When considering financing for technology startups, we can generally categorize companies into two distinct groups – sponsored and unsponsored.
Simply speaking, a sponsored company is one with one or more institutional investors, typically venture capitalists. In exchange for its investment in the company, the sponsor typically secures ownership equity in the company, and frequently, they may also negotiate some control or governance over a business, such as a seat on the board of directors.
So, what does it mean to be an unsponsored company? Knowing an unsponsored company does not have the financial backing of an investor, at face value, may seem these companies are at a disadvantage. While sponsorship comes with expertise and often additional rounds of funding, it also comes with a dilution of equity, and sometimes, the founders have less of a say in the business’s future.
As we’re seeing an increasing number of individuals opting for entrepreneurship, we are also seeing increased demand for alternative sources of funding.
A recent study from The Brookings Institution found that while VCs provided more than $164 billion to technology startups in 2020, venture capital accounts for less than 1% of funding for new businesses in the United States. Additionally, VC investments are still heavily focused geographically in Silicon Valley, New York City, and Boston.
We know that great ideas can come from anywhere, however, and as we see innovation coming from geographic regions across the country, we’re seeing many entrepreneurs opting for different – and sometimes unconventional – financing solutions. Likewise, these companies are creating jobs and driving their local economies, and they don’t have the obligations to investors as we have more historically seen in technology startup funding.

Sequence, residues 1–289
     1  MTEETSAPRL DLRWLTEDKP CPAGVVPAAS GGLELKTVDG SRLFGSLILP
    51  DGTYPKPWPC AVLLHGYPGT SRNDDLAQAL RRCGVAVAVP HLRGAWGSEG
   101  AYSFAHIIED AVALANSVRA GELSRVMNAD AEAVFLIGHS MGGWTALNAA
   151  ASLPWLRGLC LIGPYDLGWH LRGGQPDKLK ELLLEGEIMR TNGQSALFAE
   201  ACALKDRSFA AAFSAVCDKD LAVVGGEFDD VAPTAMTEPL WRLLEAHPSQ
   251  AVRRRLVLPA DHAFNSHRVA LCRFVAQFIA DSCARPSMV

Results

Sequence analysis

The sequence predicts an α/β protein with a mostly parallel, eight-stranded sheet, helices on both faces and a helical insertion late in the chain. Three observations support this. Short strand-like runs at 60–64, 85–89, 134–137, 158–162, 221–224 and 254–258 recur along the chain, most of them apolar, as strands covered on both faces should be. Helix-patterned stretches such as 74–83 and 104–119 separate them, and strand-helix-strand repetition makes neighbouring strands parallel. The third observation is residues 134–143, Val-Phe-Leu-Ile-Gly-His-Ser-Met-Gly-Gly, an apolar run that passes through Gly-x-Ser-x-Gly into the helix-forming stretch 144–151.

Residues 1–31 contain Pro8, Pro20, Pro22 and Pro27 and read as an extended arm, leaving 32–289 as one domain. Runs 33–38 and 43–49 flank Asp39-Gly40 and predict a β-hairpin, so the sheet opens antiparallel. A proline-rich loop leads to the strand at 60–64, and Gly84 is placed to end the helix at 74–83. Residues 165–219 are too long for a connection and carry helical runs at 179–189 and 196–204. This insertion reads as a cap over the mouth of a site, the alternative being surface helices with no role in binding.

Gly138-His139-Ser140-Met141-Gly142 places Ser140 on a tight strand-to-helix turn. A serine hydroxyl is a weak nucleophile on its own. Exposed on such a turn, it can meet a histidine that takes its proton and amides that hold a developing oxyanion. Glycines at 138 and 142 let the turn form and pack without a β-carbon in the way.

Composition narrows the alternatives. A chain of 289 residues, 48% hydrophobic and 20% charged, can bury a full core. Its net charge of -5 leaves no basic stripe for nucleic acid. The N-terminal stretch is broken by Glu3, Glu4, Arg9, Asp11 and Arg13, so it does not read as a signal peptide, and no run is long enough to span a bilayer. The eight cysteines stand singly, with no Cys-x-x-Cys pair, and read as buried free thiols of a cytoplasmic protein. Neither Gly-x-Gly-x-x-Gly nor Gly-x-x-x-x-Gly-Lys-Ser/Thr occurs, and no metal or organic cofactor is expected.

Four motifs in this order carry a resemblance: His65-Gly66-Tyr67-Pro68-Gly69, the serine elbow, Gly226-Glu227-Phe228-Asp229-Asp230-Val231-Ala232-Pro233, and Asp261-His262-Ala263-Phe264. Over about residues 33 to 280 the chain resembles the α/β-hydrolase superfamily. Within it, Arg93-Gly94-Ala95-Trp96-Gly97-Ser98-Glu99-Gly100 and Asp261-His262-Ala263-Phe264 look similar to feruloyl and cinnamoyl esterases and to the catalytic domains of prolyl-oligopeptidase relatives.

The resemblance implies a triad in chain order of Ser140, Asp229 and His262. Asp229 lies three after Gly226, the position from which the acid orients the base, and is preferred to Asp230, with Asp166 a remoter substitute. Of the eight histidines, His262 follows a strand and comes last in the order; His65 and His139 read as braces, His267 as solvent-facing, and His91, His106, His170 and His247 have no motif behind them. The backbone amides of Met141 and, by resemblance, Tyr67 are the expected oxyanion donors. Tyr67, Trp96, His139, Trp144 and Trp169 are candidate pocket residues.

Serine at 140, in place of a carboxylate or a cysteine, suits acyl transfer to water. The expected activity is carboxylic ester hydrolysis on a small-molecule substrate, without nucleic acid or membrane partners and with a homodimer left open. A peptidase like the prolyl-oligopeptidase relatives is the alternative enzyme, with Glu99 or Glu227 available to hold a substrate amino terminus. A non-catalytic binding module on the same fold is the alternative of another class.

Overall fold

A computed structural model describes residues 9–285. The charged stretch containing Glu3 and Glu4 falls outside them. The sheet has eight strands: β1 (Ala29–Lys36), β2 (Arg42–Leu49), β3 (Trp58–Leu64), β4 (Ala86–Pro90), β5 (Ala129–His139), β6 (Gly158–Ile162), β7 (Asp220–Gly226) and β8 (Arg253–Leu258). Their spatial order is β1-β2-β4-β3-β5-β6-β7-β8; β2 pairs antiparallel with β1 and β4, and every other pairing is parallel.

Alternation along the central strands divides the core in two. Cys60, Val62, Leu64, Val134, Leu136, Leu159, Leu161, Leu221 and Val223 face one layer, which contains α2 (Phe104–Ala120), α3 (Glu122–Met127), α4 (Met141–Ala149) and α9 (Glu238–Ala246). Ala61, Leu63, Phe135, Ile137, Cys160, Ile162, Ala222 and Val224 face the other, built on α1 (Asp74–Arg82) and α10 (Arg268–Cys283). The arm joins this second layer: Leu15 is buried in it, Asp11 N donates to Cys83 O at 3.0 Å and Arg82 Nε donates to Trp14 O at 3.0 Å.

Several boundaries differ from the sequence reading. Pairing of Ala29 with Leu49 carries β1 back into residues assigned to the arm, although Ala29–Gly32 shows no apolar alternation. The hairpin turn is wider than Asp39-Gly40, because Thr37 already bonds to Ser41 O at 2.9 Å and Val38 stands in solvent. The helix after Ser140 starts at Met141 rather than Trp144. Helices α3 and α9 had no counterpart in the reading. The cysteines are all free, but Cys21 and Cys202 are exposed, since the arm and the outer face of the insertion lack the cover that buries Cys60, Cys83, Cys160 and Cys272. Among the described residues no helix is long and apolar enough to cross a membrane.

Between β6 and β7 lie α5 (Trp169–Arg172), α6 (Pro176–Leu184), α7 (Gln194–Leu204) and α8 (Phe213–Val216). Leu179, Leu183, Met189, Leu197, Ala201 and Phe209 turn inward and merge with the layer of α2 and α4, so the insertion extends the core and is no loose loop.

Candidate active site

With more entrepreneurs taking a less conventional approach to business – whether by concept, geography, or both – they are also opting less for traditional funding options. Given the choice, entrepreneurs tend to favor debt because it is non-dilutive and allows them to maintain more ownership, as opposed to venture capital. While bank loans and venture debt may appear similar, in that they are both debts to be repaid, they are in fact disparate in volume and eligibility.
Bank loans are more commonly understood by the average consumer and can be used for anything from a car to a home mortgage, or in a commercial sense, to finance a business. With a bank loan, an entrepreneur can secure an amount of money if there is enough collateral to use as security for a term loan. The loan is paid back in installments with interest, and while this interest comes at an expense, it is generally much less expensive than other financing options. However, because banks are risk averse by nature, it is difficult to get funding in large enough amounts to grow a business as necessary.
Venture debt, on the other hand, is often utilized to fund growth between equity rounds. While venture debt can typically be secured in much larger amounts than traditional bank loans, it is also significantly more expensive, and is almost always reserved for companies with venture-backing – making it a non-starter for companies that have chosen not to pursue VC funding.
Venture backing certainly opens doors as lenders often rely on the sponsor as a secondary source of repayment, should things not go according to plan. Venture debt is usually supplemented with bank financing, leaving a business with two different credit facilities to manage. In addition, there are often warrants attached to the financing, as well as origination fees, prepayment penalties and other costs and expenses. As a result, entrepreneurs are exploring, more and more, alternative funding options that go beyond traditional forms of debt.
PIUS’ proprietary insurance product enables growing start-up companies to secure better financing options by utilizing a company’s intellectual property as collateral, ultimately facilitating greater loan amounts at better rates. And while the process is quite a bit more selective, thoughtful analysis on a company’s intellectual property can be one of the best ways to predict a business’s success over time.
In parts 2 and 3 of this three-part series, we will examine bank loans and venture debt in greater detail, both alongside PIUS’ proprietary insured technology financing. Follow along and check back for the next installment.